Every Friday, we celebrate the weekend — and all the reading and relaxing and daydreaming time ahead — with Melissa's favorite book- and travel-related links of the week. Why work when you can read fun stuff?!
This post is part of our Endnotes series.
That chilly vista above is the Schilthorn, a summit in the Bernese Alps of Switzerland that sits 9744 feet (2970 m) above sea level. To get to the top, you ride a series of cable cars, including the Schilthorn Gondola. After you take in the views, you can visit the Piz Gloria restaurant. These photos of the restaurant are equal parts dreamy and cheesy. The restaurant revolves 360 degrees in 45 minutes; that’s slightly faster than the hands of a clock. If you’re a James Bond fan, you might know this spot. It was featured in the film On Her Majesty’s Secret Service and involved a white-knuckle ski run down the mountain. Video evidence here.
How fab! Some people dream in foreign languages.
If you only read one thing in Endnotes today, make it this. It’s a surprisingly moving, instructive essay about how police reports are written.
10 Novels That Take Place In A Single Day. There are so many great books on this list; I’m leaning toward The Dinner by Herman Koch and Party Going by Henry Green.
Or maybe you’d prefer a fast read? 10 of the best very short books from the Booker Prizes library.
Félix Nadar was a 19th-century photographer, and in 1900, at the age of 80 (!), he published his memoir. Here’s an excerpt about his trip into the Paris caracombs.
The Guardian lists 23 great travel ideas for 2023.
Get your fix of all things Moomin! ‘The books [by Tove Jansson] are about a community of trolls living in the magical Moominvalley, whose adventures illustrate themes including kindness, respect for nature, tolerance, friendship, and courage.’
There are so many great podcasts now, it’s impossible to keep up with all the good stuff. Happily, there are people like Devin — creator of the Podstack newsletter — who listens to lots of shows so they can tell us about the good ones. We were delighted to be included in her recent recommendations.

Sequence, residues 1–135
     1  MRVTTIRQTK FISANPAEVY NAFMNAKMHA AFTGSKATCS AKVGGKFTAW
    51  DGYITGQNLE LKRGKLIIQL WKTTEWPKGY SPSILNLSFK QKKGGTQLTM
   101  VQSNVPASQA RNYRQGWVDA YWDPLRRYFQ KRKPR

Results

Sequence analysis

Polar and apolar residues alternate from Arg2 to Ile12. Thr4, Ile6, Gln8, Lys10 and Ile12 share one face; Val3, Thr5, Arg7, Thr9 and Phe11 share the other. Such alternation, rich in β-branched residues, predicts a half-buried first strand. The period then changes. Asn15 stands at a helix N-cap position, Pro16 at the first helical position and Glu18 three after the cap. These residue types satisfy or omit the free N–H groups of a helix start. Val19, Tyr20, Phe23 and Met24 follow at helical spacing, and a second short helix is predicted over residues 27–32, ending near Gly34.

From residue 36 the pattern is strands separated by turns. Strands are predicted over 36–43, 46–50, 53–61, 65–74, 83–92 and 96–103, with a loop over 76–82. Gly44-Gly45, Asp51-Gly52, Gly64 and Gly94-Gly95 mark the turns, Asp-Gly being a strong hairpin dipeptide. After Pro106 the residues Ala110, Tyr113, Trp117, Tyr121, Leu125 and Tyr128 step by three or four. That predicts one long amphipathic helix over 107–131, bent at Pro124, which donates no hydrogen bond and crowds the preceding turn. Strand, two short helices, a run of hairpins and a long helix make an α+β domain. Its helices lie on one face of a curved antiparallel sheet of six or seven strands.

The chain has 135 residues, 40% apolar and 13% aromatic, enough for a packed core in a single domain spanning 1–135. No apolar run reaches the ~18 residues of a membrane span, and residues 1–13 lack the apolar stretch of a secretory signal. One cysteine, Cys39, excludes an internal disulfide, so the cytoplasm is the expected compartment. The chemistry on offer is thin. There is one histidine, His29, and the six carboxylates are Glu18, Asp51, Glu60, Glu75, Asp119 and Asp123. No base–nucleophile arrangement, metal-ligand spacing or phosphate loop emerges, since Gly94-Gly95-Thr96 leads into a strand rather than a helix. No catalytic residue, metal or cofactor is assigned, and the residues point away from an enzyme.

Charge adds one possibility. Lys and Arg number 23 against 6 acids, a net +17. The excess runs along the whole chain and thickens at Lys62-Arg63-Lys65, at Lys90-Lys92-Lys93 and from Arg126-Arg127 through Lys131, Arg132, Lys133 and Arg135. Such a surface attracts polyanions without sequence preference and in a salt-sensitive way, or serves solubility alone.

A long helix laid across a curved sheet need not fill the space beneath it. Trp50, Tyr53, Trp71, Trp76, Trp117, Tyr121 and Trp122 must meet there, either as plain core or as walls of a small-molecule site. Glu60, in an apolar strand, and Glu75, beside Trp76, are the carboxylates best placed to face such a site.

Dave and I just purchased this course on how to make tiny books. The books are so cute and the course is only about ten bucks.
Tor.com weighs in on the five coolest (and occasionally terrifying) sci-fi/fantasy jobs. ‘I’ve always imagined myself as a bookish innkeeper, welcoming bards to perform chill medieval tunes in my tavern while patrons read by candlelight and enjoy vittles and charcuterie… the typical jobs described in fantasy and sci-fi books tend to be much more harrowing than the peaceful, tavern-running life of my daydreams.’
Have you ever wished for the ability to slow down time? This essay argues there’s a trick we an all use to do just that. (Spoiler: It’s travel.)
Our pretend travel godfather is Rick Steves; if you like Strong Sense of Place, you can send a mental thanks to him for making us so eager to see the world. He has a new book Italy for Food Lovers — and this Q&A with him is quintessential Rick Steves.
My favorite shoes are black stompy boots but that does not mean I’m immune to the allure of a good romcom. So I’m excited to be contributing to Meet Cute Missives, a new essay collection about romcoms, what they mean to us, and why they matter. The topics range from Elinor Lipman’s early novels (that’s mine!) to fat representation in romcoms. Other contributors include Amy Tector (author of the upcoming Speak for the Dead), Elizabeth Held (creator of What To Read If newsletter), Jessica Pryde (a writer for BookRiot), and more. It all starts in 14 March. Sign up here — it’s free!
Treat yourself to this audioletter about trains that combines oral storytelling and an excellent playlist of songs about trains from The Clash, Doobie Brothers, Tom Waits, and more.
In each mini-podcast episode, we discuss two books at the top of our TBR, then share a fun book- or travel-related distraction. Get all the episodes and books galore here.
In this episode, we get excited about two books: Weyward by Emilia Hart and Psych: The Story of the Human Mind by Paul Bloom. Then Dave tells the story a recently solved code that reveals new secrets about a famous Queen. [transcript]
In this video, Emilia Hart shares three books that inspired her writing.
From Cryptologia: Deciphering Mary Stuart’s Lost Letters from 1578-1584
Top image courtesy of Leila Azevedo/Unsplash.
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